Redemption With Life is a story of corruption and redemption — a “classic” rise and fall tale set within the anodyne world of finance and investment. It plays in a similar vein to its director Zhang Wei’s earlier Factory Boss (2014): both are “social realist” films that attempt to sketch the contours of work and exploitation, both opting for the hard-and-fast thriller as the vehicle to do so. We’re far from De Sica, but there are bikes.
One suspects — in the portrayal of murky business dealings here, centered around three old friends — that Zhang Wei is nudging us to think of Succession. There are also parallels to be drawn to Citizen Kane and certain Christian Petzold films. Redemption With Life veers chaotically through parties, bike garages, business meetings, and glitzy apartments, but the film frequently falls flat, the camerawork ambivalent to the film it seems Zhang is trying to deliver and the story he is trying to tell. The color grading is anemic, the blocking confused. There are scenes in which bikers prowl along motorways, where you can see the lens adjust — spurts of focus that shouldn’t be detectable to the eye. It should be incredibly difficult to empty the image of a motorbike growling through a city of its sexiness, but Zhang manages the feat. The languorously weird motorbikes of Easy Rider and Suzhou River and Hou Hsiao-Hsien have taken their place in cinematic history. This film takes another road.
It’s not that Redemption With Life is itself without redemption. It does an artful job of making gruesome the sterile non-places of hotels, offices, and conference halls — plastic banners emblazoned with shiny advertising slogans, a kind of gory shimmer of red and brown and beige. But these moments, including the tearing apart of an office by angry investors (an especially good scene, at least in an abstract sense), are deflated by the use of jittery slow motion. The same slowing is used to draw awkward attention to moments of narrative inflection, often accompanied by interstitial fades — and aural booms — that hurry us from scene to scene. It’s enough to make one wonder whether these showy and bloodless techniques are an effort to capture the shallow ostentation of new money and the corruption that pools around it, but such a reading is overly generous.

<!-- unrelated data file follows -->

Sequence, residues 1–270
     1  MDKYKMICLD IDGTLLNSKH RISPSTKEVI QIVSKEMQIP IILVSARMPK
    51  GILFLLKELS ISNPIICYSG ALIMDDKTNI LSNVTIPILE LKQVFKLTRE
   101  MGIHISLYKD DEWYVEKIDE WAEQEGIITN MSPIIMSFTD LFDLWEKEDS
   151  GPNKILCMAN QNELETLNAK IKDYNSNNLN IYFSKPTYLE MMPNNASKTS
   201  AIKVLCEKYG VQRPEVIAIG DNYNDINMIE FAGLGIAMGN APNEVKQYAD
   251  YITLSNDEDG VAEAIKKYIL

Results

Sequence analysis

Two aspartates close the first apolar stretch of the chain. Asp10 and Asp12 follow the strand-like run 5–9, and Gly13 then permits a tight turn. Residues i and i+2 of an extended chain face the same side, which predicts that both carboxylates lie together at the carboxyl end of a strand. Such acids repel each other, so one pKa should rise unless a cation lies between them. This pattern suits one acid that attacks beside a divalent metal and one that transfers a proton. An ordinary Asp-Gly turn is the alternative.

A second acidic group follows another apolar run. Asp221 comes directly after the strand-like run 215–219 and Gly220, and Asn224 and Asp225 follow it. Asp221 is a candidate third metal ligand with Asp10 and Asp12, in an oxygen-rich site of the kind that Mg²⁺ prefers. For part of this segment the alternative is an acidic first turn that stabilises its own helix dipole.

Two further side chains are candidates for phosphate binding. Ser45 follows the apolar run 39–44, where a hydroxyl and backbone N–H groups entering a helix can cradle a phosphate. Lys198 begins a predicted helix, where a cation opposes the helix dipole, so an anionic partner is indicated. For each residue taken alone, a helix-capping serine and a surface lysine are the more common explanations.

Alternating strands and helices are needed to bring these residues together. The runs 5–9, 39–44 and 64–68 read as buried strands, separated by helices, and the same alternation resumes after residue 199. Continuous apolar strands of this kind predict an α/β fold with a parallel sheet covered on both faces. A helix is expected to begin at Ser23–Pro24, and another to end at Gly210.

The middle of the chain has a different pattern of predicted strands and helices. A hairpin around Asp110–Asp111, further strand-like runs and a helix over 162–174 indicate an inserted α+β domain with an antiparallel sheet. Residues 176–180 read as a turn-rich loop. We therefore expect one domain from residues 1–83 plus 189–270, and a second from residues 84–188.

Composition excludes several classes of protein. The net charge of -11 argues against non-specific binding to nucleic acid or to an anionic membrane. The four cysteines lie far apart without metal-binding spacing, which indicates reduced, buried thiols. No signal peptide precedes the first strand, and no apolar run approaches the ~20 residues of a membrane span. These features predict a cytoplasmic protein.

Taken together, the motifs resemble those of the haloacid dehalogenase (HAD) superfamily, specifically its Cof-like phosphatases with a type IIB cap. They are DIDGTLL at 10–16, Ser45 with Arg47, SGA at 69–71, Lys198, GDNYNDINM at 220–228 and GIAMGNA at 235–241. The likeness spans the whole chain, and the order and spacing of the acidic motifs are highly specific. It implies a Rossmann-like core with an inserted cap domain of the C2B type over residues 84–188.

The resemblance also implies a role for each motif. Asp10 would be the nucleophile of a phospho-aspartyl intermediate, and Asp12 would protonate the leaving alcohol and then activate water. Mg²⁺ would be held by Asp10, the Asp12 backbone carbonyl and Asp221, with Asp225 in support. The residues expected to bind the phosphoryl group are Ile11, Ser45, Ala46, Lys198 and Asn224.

The film’s dialogue is often just as heavy-handed. “Profit’s all that matters,” remarks Jianhua, one of the film’s central trio. “Your line of work may bring fast money, but it’s way too risky,” counters his friend. We never really learn about the relationship between Redemption With Life’s hot-shot financier and his biker friends — except for a final act flashback that feels almost satirically on-the-nose — though there’s an actually quite good montage in the first third of the film, which introduces us to their differing lifestyles: corporate offices, spreadsheets on screens; bike garages; grungy warehouses. Here, the camerawork grows in confidence, a little, trading plosive zooms for something more glacial and winking. The Big Short comes to mind.
Elsewhere, we’re introduced to EDM-blasted nightclubs. We’re in restaurants and offices. People are eating steak, pushing it around on plates, and holding wine glasses at 35-degree angles. Everybody is blasting cigs. Anxious that we don’t read Jianhua’s business partner as a wolf, we watch him tuck into a steak and a glass of red shortly before a fat suitcase of cash is dramatically flung open. When we see him next, another steak and glass of wine are upon his table (this scene actually follows a scene during which Jianhua and his friends are also dining on steak – and wine). Is it possible to experience gout by association?
Frequently, this effect borders on the uncanny, as is the impression during a fight scene in a nightclub that has the look and feel of a drunkenly recorded iPhone video. Reflecting later, the bikers drop another heavy-handed object lesson: “You fought knowing you’d lose. With that kind of judgment, you shouldn’t be in finance.” Money corrupts! Bet you’ve never heard that one before.
As Jianhua later remarks: “In life, some debts must be repaid.” The message gestures toward redemption — it’s in the title, after all — but the attempt feels too anxious to avoid moral ambivalence, to steer clear of ambiguity. There’s also a lot of fighting. Friends will lunge at friends; investors will topple moneymen; bikers will chase thugs. It’s impossibly hard to keep up with all the steak and flying fists and suitcases of cash as the plot grinds and then blasts its way around the screen, subjected throughout to frequent flashbacks and flashforwards that feel like they’re really just trying to fill narrative holes. I felt dizzy. I’m also temporarily off steak.
Published as part of New York Asian Film Festival 2023.